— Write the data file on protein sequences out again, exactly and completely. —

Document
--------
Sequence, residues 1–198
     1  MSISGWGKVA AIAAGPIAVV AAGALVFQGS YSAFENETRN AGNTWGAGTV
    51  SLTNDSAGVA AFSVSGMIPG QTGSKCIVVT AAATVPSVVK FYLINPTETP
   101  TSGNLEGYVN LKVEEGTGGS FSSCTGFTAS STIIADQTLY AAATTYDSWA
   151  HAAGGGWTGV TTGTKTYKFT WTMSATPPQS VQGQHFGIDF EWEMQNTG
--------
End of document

Sequence, residues 1–198
     1  MSISGWGKVA AIAAGPIAVV AAGALVFQGS YSAFENETRN AGNTWGAGTV
    51  SLTNDSAGVA AFSVSGMIPG QTGSKCIVVT AAATVPSVVK FYLINPTETP
   101  TSGNLEGYVN LKVEEGTGGS FSSCTGFTAS STIIADQTLY AAATTYDSWA
   151  HAAGGGWTGV TTGTKTYKFT WTMSATPPQS VQGQHFGIDF EWEMQNTG